Telep's Top 10: Best rebounders

As talent evaluators, we have our biases. Over the course of my 16 years in basketball recruiting, I’ve developed a huge bias toward rebounders.

I once learned a difficult lesson. In 2001, Emeka Okafor led the city of Houston with an average of 18.8 rebounds per game. That number comes right off the top of my head. I’ll never forget it. Even knowing that statistic, admittedly, I came up woefully short with Okafor’s ranking. At the time, he was tagged No. 81 in the country. He couldn’t score, but boy could he rebound and reject shots.

From the debacle of the Okafor ranking, a lesson was learned: rebounding translates. It’s why I voted for DeJuan Blair for the McDonald’s All-American Game as a senior, even though he didn’t make it. It’s also why I’m as committed as anyone to the guys who hang big board numbers. It’s the one statistic that shouldn’t be overlooked because it demonstrates activity, toughness and willingness to remain engaged no matter the score. You average 18 rebounds a game, that’s serious business.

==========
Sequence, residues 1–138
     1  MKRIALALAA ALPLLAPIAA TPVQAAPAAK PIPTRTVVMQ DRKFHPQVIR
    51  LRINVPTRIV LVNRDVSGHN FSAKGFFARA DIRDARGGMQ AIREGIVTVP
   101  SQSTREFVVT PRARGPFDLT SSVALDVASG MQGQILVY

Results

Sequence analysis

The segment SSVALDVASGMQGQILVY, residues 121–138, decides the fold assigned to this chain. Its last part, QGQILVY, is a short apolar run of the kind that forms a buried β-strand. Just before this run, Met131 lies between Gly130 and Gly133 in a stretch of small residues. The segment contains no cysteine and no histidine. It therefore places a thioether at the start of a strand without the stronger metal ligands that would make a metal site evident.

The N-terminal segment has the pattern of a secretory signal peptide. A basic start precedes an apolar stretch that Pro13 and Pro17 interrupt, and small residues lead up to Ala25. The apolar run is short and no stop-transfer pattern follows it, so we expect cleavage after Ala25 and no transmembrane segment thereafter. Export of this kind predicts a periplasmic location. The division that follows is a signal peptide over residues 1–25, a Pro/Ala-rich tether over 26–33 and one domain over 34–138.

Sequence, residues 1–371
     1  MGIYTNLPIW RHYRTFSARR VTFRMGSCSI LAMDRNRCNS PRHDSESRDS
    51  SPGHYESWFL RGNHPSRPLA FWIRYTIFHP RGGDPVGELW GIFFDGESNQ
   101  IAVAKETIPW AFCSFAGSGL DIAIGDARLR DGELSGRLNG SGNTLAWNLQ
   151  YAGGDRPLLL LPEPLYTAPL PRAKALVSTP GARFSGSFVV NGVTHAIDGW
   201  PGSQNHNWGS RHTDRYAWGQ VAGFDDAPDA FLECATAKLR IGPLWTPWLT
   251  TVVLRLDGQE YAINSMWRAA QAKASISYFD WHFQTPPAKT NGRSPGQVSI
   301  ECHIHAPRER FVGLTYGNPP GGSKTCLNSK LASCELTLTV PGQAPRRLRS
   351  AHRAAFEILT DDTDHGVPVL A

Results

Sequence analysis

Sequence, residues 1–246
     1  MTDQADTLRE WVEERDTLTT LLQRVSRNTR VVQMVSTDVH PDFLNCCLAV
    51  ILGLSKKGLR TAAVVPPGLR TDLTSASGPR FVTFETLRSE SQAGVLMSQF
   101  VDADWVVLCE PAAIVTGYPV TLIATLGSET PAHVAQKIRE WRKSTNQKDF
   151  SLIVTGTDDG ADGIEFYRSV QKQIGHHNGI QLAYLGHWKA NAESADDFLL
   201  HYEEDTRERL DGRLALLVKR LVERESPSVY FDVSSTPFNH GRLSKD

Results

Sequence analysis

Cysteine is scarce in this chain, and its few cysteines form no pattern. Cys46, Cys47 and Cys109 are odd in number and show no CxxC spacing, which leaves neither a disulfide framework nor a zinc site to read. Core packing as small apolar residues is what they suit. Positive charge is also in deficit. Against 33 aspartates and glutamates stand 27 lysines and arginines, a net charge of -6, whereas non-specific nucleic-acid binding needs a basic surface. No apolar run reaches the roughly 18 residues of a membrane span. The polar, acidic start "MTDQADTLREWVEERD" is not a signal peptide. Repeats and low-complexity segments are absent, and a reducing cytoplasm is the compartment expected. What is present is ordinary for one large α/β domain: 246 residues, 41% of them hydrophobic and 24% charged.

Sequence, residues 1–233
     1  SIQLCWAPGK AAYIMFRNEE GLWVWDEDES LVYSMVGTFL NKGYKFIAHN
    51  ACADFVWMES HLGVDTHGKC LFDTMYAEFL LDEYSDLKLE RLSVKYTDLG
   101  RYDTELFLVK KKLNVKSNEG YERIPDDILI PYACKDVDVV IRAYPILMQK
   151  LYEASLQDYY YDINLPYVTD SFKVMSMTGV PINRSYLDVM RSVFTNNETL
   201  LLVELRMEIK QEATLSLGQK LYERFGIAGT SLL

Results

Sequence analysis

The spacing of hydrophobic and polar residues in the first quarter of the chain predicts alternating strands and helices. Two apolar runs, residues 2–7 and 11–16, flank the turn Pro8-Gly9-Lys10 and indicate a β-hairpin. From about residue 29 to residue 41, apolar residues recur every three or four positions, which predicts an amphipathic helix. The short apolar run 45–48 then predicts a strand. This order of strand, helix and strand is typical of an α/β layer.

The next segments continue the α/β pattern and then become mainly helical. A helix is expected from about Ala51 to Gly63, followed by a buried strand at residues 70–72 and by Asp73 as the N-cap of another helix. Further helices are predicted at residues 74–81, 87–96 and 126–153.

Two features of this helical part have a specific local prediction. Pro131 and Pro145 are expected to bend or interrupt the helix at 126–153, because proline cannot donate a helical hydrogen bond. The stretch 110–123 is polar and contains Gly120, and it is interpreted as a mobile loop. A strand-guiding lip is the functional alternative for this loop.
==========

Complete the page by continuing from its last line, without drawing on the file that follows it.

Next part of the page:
One more anecdote on why board work is important in recruiting: Rebounding is why Will Yeguete is a Florida Gator. In the fall of his senior year, Yeguete grabbed 50 rebounds in the span of three games at the Nike Team Florida Fall Workout. A week later, Tom Crean flew a private plane to see him and offered. St. John’s brought him in for a visit. And a month later, Florida offered him a scholarship. If he doesn’t rebound, he’s not in the SEC.

This is a list-oriented column, so before we get to the top 10 rebounders currently among the prep prospect ranks, here’s a peak at my all-time high school top five. It was tough to leave off guys like Amar’e Stoudemire, Dwight Howard, Shelden Williams and Kevin Bookout (whom we renamed Kevin “Boxout” at the time), but this all-time top five is a fun list: